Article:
Vince Brusio: America is said to be shattered by “nihilism” and “tragedy.” What period of time is being examined to put this catastrophe into perspective for the reader? And did you find yourself at any time encumbered by working within a specific time frame? Did you ever at times think that you were walking a fine line between writing an essay and writing/drawing a comic book? Is this book that personal to you?
Howard Chaykin: I regard the current state of the American polity to be a tragedy, a five car pile-up on a lonely stretch of road, and I think contributing factors to that tragedy include self-serving cynicism, fatuous nihilism, and a facetious, relativist diffidence that misidentifies itself as irony.
I specifically don’t define a time frame in the book, so as to keep things from getting too specific.
And comics is jam-packed with talent willing to tell the same Roadrunner vs. Coyote, Good Guy/ Bad Guy, narcissistic Hero/narcissistic Villain narrative disguised as “edgy, or gritty, or dark” or whatever serves as the current justification for that sort of pandering to the audience.
My work, my personality, my career have always been characterized by a point of view. You may disagree with me, but if you think a comic book story with a genuinely worked-out idea and perspective is an essay, then there’s always the same adolescent hooey you’ve been reading since you were fifteen —albeit, edgier, grittier and darker, of course.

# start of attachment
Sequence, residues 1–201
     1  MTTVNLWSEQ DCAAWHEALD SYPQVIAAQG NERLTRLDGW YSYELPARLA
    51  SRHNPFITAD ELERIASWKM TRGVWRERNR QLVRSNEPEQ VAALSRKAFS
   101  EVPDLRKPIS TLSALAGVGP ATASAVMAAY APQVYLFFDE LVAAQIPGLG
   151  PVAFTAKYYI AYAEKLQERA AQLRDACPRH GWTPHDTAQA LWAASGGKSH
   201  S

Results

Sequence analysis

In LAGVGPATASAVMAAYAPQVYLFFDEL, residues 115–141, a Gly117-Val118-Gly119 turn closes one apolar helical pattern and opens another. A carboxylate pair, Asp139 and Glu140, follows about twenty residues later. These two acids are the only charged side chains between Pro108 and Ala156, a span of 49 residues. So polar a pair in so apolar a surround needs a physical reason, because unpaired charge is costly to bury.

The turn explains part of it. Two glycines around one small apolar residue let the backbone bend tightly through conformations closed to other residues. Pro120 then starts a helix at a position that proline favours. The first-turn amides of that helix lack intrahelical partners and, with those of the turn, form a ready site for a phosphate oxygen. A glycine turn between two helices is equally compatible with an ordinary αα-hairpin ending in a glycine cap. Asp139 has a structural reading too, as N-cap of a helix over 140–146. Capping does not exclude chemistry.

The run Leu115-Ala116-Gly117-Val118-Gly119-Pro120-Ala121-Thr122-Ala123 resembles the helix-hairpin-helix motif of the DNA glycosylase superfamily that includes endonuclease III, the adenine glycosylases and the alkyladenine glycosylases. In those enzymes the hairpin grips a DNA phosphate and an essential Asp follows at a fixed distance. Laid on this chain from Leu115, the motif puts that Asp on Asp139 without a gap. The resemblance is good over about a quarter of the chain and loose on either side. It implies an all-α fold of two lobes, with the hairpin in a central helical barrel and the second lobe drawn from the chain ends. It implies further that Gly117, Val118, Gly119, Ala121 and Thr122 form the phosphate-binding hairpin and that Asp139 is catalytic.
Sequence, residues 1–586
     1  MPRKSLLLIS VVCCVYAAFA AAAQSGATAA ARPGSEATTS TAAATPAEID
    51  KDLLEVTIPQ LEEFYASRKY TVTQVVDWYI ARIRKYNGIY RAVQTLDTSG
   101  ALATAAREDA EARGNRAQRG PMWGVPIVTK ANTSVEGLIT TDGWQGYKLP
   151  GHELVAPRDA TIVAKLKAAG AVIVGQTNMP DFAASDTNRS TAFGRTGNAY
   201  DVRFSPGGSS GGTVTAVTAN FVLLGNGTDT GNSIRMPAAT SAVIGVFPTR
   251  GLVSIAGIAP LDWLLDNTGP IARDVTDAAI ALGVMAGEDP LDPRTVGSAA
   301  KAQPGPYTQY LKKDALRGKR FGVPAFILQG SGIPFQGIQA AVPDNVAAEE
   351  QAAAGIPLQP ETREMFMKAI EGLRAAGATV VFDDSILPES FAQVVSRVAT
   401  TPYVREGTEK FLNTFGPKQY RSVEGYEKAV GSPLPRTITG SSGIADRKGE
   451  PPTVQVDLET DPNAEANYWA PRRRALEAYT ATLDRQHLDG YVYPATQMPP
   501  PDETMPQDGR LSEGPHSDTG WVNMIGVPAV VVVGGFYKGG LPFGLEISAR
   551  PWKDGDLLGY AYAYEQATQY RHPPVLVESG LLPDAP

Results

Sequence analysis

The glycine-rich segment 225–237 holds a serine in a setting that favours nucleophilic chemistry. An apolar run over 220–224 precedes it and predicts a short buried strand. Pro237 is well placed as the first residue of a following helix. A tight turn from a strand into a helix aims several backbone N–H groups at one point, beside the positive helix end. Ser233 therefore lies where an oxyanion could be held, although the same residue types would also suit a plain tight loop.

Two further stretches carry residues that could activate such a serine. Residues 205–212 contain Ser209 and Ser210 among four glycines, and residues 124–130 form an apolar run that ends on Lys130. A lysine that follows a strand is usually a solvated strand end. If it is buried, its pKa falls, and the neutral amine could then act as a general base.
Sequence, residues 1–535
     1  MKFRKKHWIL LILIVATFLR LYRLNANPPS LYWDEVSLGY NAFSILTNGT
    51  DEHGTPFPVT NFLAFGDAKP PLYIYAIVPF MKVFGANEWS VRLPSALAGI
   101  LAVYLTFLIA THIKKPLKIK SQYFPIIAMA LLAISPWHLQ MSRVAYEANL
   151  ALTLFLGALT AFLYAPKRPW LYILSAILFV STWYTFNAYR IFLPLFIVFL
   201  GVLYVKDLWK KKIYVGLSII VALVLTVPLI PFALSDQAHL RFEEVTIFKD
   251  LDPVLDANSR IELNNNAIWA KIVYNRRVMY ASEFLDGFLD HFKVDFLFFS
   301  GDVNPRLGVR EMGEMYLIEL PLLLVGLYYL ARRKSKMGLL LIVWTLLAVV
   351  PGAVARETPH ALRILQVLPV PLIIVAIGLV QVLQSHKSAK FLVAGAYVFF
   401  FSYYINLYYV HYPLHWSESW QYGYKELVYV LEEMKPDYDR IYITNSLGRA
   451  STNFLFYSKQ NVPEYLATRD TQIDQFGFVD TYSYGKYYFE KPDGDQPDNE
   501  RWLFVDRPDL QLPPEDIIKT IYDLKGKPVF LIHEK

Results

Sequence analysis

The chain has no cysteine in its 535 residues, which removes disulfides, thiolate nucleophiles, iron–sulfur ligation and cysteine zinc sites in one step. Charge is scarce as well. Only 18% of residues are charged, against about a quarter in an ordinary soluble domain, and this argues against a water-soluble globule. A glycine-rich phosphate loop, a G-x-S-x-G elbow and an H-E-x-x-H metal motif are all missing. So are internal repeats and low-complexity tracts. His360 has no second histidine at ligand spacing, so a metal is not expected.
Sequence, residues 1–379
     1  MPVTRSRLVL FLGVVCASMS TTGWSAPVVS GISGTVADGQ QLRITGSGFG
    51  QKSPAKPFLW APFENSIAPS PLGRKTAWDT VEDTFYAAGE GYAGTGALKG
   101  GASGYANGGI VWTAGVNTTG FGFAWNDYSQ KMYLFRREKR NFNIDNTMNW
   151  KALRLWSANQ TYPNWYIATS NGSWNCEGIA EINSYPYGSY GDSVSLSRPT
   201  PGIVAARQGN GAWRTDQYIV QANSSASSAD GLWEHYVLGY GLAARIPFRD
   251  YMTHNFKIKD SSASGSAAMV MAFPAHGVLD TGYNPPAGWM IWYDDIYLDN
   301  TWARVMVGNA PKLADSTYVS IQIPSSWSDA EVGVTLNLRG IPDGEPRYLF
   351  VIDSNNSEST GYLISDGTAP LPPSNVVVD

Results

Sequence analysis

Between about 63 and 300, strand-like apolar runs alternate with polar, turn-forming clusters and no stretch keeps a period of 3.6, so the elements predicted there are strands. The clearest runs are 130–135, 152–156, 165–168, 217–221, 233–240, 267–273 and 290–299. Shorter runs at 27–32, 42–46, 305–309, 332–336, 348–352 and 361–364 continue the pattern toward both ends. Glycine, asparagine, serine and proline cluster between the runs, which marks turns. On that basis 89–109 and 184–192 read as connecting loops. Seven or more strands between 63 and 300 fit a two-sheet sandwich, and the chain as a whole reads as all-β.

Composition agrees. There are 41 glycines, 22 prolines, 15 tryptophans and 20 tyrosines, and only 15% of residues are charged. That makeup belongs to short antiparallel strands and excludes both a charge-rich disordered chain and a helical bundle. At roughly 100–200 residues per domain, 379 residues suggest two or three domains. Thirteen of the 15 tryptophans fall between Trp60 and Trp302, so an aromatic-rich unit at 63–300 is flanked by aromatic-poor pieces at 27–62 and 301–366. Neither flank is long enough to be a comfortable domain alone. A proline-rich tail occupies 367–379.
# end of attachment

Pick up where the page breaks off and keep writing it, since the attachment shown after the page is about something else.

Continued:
Vince Brusio: What would you like to see this book accomplish? If you could ever hear feedback from readers that would bring a smile to your face, what would you like to hear?
Howard Chaykin: As noted above, I remain willfully removed from feedback of any kind. If someone tells me they don’t like my stuff, I’m far from delighted, but with a little effort I can deal with it. If they tell me they like it, I have to remember that in all likelihood, they like or love work to which I am indifferent or contemptuous, so neutrality is a fine place to rest.